‘Returning to earlier drafts is good because you already know your story The danger is that you forget what you have or haven’t said. And it can sometimes lack the sparkle of a first idea.’

A concern was raised about the cost of editing services when there was a chance that this money would not be recouped through sales. We discussed this and agreed that this was possible. However, the advantages are you:

  • Give your work the best possible chance of success
  • Learn a great deal through the guidance of a skilled structural editor to improve your craft. 

You may not earn back what you have invested in the first one or two books but over time, as you write more and become better known, you are more likely to earn back this investment.

Debbie Alper runs a how to self-edit course that is recommended by many writers. If you invest in this training then you could save money paying for structural edits. See Debbie’s blog post:


‘I think if money is tight, you can do edit & proofread swaps with other writers. It helps to know the other person, though, and trust them. You must be allowed to call out issues with a manuscript.’

‘I think the power of beta readers should never be underestimated and trainee editors will often work at a discount to increase their experience. More experienced editors will also offer deals if they have a gap in the schedule. Contacts are the key for these things.’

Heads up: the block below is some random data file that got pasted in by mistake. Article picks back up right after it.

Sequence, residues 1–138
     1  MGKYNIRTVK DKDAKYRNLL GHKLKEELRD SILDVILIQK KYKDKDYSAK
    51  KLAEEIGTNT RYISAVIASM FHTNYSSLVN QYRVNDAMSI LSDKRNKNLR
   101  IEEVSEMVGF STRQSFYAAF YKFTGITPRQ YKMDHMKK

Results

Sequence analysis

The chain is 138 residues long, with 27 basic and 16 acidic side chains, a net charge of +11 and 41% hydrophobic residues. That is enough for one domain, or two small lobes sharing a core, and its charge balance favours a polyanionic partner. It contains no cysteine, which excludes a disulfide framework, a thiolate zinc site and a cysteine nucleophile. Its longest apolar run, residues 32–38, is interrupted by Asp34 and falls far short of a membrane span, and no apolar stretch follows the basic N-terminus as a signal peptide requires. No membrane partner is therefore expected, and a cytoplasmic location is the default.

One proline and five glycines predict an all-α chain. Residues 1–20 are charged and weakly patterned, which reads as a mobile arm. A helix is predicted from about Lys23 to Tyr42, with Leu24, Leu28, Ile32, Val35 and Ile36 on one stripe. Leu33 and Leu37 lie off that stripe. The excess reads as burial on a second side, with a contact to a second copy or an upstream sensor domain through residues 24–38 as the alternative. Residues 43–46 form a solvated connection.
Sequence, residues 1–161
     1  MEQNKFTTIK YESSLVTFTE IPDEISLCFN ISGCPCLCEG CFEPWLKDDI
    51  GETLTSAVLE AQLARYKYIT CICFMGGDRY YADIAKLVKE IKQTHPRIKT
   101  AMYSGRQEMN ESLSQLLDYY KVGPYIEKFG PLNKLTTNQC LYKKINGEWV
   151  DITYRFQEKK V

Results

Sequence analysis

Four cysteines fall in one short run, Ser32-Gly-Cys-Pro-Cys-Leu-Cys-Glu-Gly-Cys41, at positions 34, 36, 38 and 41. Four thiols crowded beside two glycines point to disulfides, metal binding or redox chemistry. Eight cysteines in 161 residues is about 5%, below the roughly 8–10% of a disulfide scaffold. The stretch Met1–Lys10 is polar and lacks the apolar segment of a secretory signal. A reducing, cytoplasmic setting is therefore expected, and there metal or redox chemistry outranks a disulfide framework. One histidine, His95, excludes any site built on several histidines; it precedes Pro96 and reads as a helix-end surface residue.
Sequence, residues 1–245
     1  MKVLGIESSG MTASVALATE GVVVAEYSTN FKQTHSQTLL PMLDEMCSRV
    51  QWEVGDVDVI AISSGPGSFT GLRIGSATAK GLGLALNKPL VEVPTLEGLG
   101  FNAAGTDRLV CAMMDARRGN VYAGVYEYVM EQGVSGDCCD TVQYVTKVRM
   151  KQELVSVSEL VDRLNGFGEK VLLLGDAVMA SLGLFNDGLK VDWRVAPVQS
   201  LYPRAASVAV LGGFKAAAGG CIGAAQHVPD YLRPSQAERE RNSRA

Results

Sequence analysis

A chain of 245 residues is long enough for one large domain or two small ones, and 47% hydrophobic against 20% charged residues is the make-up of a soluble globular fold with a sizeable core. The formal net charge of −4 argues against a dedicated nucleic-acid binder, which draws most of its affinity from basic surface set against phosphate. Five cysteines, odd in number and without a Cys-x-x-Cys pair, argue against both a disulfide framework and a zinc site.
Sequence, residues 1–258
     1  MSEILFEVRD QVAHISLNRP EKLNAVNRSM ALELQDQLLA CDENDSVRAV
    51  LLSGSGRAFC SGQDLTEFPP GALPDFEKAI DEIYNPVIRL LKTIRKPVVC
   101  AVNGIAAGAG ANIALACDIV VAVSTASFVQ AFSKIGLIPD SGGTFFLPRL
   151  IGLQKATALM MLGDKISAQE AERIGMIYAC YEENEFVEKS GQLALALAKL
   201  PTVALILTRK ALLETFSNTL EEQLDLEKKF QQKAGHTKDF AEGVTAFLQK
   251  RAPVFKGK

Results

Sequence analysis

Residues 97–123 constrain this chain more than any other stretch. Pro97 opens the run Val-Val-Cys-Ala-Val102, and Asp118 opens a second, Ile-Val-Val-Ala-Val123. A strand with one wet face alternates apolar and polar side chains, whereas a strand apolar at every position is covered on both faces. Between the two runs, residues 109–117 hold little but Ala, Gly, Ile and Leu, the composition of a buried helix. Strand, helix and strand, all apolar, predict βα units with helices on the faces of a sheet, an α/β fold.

I asked for participants recommendations for editing services. Ellie Holmes was recommended by two participants, you will find her details at the end of these notes.


‘I really recommend Namecheap for a website domain and Easywp for hosting. Had to purchase my own website and design it from scratch in order to do email marketing/newsletter stuff and after research these were the best options. Brilliant value & amazing customer support.’

‘I can recommend Reedsy for finding editors and/or cover designers.’

What are the dangers of pressing ‘send’ too soon, whether that is to an agent, publisher or publication? How do you know your MS is ready?


‘Most people press the send button too soon, whether that’s submitting a novel to an agent or publisher or indie publishing. Back away from that send button, folks! Make sure your manuscript is the best it can be before taking that final step.’ Ellie

‘Personally, it is important to get the novel as ‘finished’ as you can – but more in terms of story cohesion than grammar. If the publishers/agents are gripped by the story, they will keep reading even if there are typos. Plus, no manuscript will ever be perfect, at some point you have to stop fiddling with it. It is helpful to give your eyes a rest from it for week or two, then go back to it and read it again and hopefully the break will mean you catch most of any lurking typos.’